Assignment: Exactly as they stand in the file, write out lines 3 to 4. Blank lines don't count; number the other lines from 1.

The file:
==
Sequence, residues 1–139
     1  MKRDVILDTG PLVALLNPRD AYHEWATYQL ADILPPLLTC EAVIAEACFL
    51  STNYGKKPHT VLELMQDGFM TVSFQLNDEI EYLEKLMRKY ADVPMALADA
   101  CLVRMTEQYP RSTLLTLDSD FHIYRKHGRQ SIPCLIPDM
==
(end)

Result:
    51  STNYGKKPHT VLELMQDGFM TVSFQLNDEI EYLEKLMRKY ADVPMALADA
   101  CLVRMTEQYP RSTLLTLDSD FHIYRKHGRQ SIPCLIPDM